Company re-enters UK supercomputing market
Fujitsu is re-entering the high-performance computing (HPC) market in the UK after 10 years, with an ambition to be a leading player in this field. The company believes that the HPC market is changing dramatically and that the time is now right to capitalise on its heritage and breadth of capability, i.e. research, network infrastructure and data centres, to enable a wider set of organisations to benefit from the commercial opportunities realised through high-performance computing.
As the first step, Fujitsu has announced it has won a four-year £15,000,000 project to provide a distributed grid for HPC Wales with the two primary hubs being Cardiff and Pembroke Dock. HPC Wales is an initiative announced in July 2010 which aims enable Wales to be at the forefront of supercomputing. It has the full backing of the Welsh Assembly Government as a vehicle to improve the economic development and use of technology in the region. HPC Wales is expected to bring an additional economic impact of £22.8 million over 10 years; create more than 400 quality jobs, and create a minimum of 10 new businesses.
As part of the project Fujitsu will undertake collaborative research with HPC Wales to advance the use of HPC in priority areas such as the environment, low-carbon energy generation, the life sciences, advanced materials and manufacturing. This collaboration will utilise the skills and expertise of Fujitsu Laboratories globally.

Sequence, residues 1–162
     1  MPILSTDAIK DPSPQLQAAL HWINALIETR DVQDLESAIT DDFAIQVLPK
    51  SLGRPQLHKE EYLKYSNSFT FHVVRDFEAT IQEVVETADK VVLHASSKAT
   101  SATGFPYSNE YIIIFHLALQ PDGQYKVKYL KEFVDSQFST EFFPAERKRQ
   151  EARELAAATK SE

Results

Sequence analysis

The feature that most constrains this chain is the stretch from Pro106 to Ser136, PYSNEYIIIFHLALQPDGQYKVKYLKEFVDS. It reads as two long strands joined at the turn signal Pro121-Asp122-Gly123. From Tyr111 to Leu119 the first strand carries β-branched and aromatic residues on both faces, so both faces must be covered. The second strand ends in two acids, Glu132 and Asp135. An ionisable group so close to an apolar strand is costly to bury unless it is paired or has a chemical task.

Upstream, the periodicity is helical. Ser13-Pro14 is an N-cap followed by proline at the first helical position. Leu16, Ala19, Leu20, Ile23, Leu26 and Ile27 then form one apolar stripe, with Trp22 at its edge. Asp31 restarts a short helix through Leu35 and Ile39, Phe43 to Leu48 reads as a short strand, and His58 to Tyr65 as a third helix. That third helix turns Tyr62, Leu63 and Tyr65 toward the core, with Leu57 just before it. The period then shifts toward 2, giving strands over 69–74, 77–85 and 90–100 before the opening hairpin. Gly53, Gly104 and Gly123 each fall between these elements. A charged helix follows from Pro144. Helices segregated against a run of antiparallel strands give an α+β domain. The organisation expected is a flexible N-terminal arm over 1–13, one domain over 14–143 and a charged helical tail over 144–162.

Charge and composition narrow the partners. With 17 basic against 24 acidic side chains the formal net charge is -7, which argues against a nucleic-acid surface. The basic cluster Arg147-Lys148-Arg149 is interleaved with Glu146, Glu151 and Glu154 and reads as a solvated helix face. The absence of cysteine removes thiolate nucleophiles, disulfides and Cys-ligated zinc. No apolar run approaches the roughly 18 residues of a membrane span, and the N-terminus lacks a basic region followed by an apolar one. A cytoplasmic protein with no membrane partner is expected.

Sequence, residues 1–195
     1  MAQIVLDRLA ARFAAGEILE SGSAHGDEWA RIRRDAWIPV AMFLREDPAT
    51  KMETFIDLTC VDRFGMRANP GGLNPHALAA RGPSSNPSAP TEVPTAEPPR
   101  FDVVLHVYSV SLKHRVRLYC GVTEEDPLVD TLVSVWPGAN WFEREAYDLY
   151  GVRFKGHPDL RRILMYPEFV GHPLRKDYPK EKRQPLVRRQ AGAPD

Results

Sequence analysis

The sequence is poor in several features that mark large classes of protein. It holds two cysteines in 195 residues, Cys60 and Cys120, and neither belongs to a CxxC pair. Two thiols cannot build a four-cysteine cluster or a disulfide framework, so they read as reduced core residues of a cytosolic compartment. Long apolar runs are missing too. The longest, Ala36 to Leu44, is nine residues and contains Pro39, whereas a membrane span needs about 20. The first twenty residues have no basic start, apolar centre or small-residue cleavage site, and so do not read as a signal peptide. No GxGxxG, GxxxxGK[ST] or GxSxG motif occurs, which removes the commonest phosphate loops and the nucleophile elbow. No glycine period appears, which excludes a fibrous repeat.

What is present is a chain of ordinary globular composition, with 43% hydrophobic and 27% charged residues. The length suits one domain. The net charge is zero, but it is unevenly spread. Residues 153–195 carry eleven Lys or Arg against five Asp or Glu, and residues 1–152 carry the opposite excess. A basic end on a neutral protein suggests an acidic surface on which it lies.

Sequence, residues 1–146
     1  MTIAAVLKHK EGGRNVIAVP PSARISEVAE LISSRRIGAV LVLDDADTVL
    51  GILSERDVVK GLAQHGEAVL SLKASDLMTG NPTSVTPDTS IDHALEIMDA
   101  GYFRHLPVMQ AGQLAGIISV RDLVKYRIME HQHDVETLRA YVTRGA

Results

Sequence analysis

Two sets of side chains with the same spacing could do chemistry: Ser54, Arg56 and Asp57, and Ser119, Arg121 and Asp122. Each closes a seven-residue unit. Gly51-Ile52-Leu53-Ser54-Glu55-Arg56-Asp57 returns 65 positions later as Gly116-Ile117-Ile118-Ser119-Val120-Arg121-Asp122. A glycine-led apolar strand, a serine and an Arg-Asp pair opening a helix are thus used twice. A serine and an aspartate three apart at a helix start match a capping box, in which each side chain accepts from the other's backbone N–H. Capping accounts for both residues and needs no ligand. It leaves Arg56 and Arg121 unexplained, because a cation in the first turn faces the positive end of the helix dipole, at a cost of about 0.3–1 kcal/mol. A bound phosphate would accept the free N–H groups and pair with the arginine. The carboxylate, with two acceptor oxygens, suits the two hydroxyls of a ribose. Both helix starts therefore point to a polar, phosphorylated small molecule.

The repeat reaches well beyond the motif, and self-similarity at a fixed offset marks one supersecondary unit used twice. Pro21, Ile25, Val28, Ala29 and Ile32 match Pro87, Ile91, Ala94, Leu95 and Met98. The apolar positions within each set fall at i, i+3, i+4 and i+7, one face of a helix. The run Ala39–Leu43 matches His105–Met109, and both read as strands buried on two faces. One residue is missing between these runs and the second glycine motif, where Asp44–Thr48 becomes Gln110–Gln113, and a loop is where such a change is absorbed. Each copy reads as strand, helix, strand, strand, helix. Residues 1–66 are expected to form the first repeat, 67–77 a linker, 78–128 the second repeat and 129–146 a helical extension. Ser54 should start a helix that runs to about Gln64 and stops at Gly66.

Commenting on Fujitsu's plans for HPC, Roger Gilbert, CEO Fujitsu UK & Ireland, said: ‘Supercomputing is entering a very exciting phase in its development as computers are now being used to perform “thinking” tasks rather than just “managing” tasks across an increasingly broad set of private and public sector applications. Private sector organisations are realising the commercial and competitive advantages that these technologies can bring – whether it be, for example, accelerated product design and development, workflow simulation or pharmaceutical research and development.’
Gilbert continued: ‘Our work with HPC Wales will be one of the most significant enterprise-class grid systems in Europe today and will be Fujitsu's largest HPC project in Europe. What's key for us is that HPC is no longer all about Tflop and Pflop ratings alone, rather it is about what the HPC capability is used to achieve and ultimately what impact it has more directly to society and business. We're confident that our work with HPC Wales will bring significant technology, skills, research, jobs and economic development to the region.’
The HPC Wales project will include 1,400 nodes deployed in a range of academic sites across Wales, including Swansea, Cardiff, Aberystwyth, Bangor, Glamorgan, Swansea Met, Newport, Glyndwr and a range of other sites. The aggregated performance of compute nodes is more than 190 TFlops and the system consists mainly of Fujitsu Primergy cluster servers based on Intel Xeon and InfiniBand interconnect with Linux and Windows operating systems. It will facilitate the use of complex technology by both private and public organisations via a portal, making it easy to use computers to resolve complex problems in terms of engineering, design, creative production and scientific research.